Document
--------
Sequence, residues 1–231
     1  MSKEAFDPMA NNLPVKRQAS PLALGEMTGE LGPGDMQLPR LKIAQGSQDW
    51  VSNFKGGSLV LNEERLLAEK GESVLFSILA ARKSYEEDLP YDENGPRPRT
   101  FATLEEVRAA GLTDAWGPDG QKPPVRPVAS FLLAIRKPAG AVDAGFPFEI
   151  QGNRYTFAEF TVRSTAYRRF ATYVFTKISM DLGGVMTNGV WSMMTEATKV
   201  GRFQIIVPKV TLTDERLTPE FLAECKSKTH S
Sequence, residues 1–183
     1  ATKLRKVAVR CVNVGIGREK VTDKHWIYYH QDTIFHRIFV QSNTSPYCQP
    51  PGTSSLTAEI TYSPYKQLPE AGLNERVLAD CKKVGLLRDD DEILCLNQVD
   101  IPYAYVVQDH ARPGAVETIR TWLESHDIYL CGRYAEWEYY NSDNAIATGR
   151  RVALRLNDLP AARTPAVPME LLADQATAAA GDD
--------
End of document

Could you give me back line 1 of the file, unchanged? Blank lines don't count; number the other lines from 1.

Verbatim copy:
Sequence, residues 1–231